The Director of Celestica Investments (Private) limited, trading as TICC Pharmaceuticals Wholesalers, last week escaped jail by a whisker after he was fined $1 100 for selling counterfeit and unregistered medicines worth $500 000.
Teddy Kuda Chindedza (37) was facing charges of contravening the Medicine and Allied Substances Control Act (selling medicines from unlicensed premises, unauthorised possession of Part IV drugs and possessing unregistered medicines for sale) when he appeared before Harare magistrate Mrs Babra Mateko.
Mrs Mateko sentenced Chindedza to 30 months in jail which were wholly suspended on condition of good behaviour
In addition to the fine, Chindedza was ordered to perform 310 hours of community service.
In mitigation, Chindedza’s lawyer, Mr Charles Chikore, told the court that his client was married with two children to look after.
He said Chindedza was a first offender and a pharmacist by profession, and had immovable assets.
“The accused person pleaded guilty and did not waste the court’s time,” he said.
He further stated that the majority of the drugs were registered and only a few were not.
He said his client’s case should not be equated to where an accused person was caught with unregistered drugs.
“Imprisonment would harden the accused person since he is a first offender,” said Mr Chikore.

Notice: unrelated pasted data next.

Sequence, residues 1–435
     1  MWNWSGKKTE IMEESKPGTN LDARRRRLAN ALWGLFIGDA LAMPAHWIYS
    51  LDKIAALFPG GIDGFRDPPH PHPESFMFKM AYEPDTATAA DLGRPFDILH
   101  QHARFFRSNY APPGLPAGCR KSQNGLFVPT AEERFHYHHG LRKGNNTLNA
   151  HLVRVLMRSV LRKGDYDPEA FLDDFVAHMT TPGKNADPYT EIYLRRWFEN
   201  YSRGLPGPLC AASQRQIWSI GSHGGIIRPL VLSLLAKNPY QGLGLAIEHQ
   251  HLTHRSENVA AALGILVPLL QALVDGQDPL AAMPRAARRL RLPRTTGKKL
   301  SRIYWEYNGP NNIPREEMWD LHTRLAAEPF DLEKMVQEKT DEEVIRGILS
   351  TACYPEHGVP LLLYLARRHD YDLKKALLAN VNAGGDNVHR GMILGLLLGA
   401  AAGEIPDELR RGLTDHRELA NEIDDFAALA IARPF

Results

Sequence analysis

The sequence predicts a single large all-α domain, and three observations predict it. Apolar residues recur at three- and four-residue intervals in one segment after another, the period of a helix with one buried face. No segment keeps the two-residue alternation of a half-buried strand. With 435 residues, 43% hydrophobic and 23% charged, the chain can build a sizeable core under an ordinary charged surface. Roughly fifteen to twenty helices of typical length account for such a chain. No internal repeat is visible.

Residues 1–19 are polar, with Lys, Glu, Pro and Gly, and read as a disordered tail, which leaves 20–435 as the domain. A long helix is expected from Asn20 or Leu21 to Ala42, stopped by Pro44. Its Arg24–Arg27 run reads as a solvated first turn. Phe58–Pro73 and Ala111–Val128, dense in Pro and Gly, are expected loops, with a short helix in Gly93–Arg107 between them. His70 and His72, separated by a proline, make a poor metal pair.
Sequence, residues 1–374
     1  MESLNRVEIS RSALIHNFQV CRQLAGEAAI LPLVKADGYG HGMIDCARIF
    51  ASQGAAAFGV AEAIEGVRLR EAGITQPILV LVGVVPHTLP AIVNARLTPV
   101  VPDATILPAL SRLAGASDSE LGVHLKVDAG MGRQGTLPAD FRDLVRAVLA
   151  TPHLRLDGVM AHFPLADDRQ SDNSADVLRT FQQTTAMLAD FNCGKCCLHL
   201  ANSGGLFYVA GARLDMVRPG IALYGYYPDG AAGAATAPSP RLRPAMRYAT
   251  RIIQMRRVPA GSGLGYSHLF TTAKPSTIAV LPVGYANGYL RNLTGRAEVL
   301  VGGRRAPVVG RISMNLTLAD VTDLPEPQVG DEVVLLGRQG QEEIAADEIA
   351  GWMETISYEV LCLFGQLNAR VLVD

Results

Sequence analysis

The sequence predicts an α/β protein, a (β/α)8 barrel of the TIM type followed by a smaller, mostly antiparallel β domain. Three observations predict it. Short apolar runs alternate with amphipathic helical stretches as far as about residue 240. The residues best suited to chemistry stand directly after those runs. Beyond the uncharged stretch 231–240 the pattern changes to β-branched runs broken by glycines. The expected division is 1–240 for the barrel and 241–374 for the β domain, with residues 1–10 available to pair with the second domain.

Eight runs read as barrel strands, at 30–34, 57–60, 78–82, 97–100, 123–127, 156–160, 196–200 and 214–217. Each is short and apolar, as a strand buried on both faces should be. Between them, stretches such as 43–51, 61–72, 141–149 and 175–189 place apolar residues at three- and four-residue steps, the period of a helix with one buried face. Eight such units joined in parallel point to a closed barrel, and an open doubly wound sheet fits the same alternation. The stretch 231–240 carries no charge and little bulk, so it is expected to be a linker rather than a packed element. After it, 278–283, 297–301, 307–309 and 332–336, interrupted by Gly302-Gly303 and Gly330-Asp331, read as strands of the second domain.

He said cases of this nature should not be treated harshly before considering a lenient sentence.
In aggravation, the State told the court that cases of this nature were on the increase and a custodial sentence would be appropriate to send a warning to would-be offenders.
The court heard that on March 26 detectives from the Criminal Investigations Department (drugs and narcotics northern region) teamed up with inspectors from Medicine Control Authority of Zimbabwe (MCAZ) and visited a warehouse operated by Chindedza in Waterfalls after receiving information to the effect that he was supplying counterfeit and unregistered medicines to pharmacies in and around Harare.
Upon arrival, some of the employees tried to deny them access to the premises, prompting detectives and inspectors from MCAZ to force entry into the premises.
An inspection was conducted inside the premises by detectives and the inspectors, who discovered that the accused person was operating a backyard warehouse which contained various medicines.
The team recovered registered and unregistered drugs.
The court heard that further investigations revealed that the warehouse was not licensed as required by statutory regulations prompting seizure of the medicines.
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